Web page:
Originally posted by @mchill
D64 is really modest too!
Ignorant ethnocentric (or racist) Westerners tend to be shocked and incredulous toward
mundane realities that non-Westerners take for granted. These Westerners like to fantasize
that East Asians could do no better than they at recognizing East Asian faces in general.
Here's an article by a Westerner in Japan:
"How to Distinguish Japanese People from Korean and Chinese People"
"Before coming to Japan, I had no idea how to distinguish Japanese, Korean, and Chinese
people from one another. Whilst studying at university in Japan as an international student,
I had more than one experience of mistaking Chinese and Korean people for Japanese
people and speaking Japanese to them."
Please note that I narrowed down the scope of my test to distinguishing between Chinese and Japanese.
If I had to distinguish among Chinese, Japanese, Koreans, and Vietnamese, then the test
would be harder for me (I have less experience around some of these peoples).
A computer can be trained to distinguish among Chinese, Japanese, Korean, and Vietnamese
faces with more than 75% accuracy. That shows that some average differences exist objectively.
It may be taken for granted that a computer has no subjective bias In this matter.
"Every Asian American has been asked this question. A computer gives the best answer."
"To be Asian in America is to be quizzed, constantly, about your ethnicity. What are you?
Where are you from? No, but where are your parents from?
Nowadays, such questions are more awkward than ominous. But there was a time when
this was a national obsession of sorts — when splashy magazines like Life published guides
to help readers distinguish between the “parchment yellow” Chinese with their “finely-bridged”
noses, and the “earthy yellow” Japanese, with their “massively boned faces.”
Recently, computer scientists at the University of Rochester tried to teach an algorithm to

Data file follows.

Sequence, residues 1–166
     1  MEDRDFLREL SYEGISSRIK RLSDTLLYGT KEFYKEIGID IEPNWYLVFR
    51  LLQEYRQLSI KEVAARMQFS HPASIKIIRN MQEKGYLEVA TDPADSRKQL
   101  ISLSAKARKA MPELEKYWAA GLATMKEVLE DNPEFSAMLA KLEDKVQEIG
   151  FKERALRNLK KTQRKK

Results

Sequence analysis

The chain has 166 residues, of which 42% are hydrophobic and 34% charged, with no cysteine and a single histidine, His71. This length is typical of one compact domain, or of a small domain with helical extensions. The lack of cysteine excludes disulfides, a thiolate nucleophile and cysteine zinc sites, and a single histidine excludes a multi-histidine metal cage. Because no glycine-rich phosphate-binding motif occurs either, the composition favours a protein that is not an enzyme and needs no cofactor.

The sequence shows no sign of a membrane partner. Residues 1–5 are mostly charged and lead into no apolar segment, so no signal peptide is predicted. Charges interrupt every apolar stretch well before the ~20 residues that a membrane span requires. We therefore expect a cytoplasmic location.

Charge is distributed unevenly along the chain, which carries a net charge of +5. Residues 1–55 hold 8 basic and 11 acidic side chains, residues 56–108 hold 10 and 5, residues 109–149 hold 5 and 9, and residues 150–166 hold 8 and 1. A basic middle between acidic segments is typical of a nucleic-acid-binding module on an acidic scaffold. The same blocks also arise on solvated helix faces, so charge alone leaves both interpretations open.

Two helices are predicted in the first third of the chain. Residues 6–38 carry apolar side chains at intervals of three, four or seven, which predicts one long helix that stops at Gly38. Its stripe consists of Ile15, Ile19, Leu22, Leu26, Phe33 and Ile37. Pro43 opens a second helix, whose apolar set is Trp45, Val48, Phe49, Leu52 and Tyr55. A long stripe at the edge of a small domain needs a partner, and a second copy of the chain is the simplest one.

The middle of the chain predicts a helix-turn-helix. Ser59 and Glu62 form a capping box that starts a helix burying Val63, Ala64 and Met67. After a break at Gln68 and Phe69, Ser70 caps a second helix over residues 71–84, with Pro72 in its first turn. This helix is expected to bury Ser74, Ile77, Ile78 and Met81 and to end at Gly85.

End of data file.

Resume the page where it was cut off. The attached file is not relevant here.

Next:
tell the difference between Chinese, Japanese and Korean faces. They wanted to explore
how advancements in artificial intelligence have made it easier for computers to interpret
pictures in sophisticated ways. But, intentionally or not, their research taps into the
uncomfortable history of how Asians have struggled to fit into American life."
"But despite what they expected to be a difficult task, the scientists were surprised to
discover that the computer could achieve accuracy rates of over 75 percent. This is far
better than humans performed on Suematsu’s quiz. The computer’s advantage is that it
could draw on a vast library of faces."
"Psychologists call it the “cross-race” effect: We are much better at distinguishing
members of our own race or ethnicity than members of other races or ethnicities.
Studies suggest that with training, people can improve at recognizing the faces of people
from different ethnic backgrounds."
But arrogant white people like to believe that no one can be better than they at recognizing non-white faces.
Arrogant white people like to believe that they must be the best at doing just about everything.
"The work of Luo's lab REBUKES THE LAZY NOTION THAT ALL ASIANS LOOK THE SAME.
If a software routine can be trained to easily recognize the differences between a Chinese
person, a Japanese person and a Korean person, then that challenges Americans to pay
close attention, to work harder to understand the diverse mix of people living in our nation today."
But many, if not most, other Americans seem much more comfortable with racist sneering
than making any sincere attempt to understand the diversity of Asian Americans.
"Ask any Asian American. Every single one has a well-worn reply to the question:
So where are you really from? When someone demands your ancestry at the beginning
of a conversation — as often happens if you’re Asian — it implies that your genetic history is
the most interesting thing about you. This gets tiresome no matter how proud you are of your heritage."
There's no evidence that this deep kind of prejudice will change toward Asian Americans.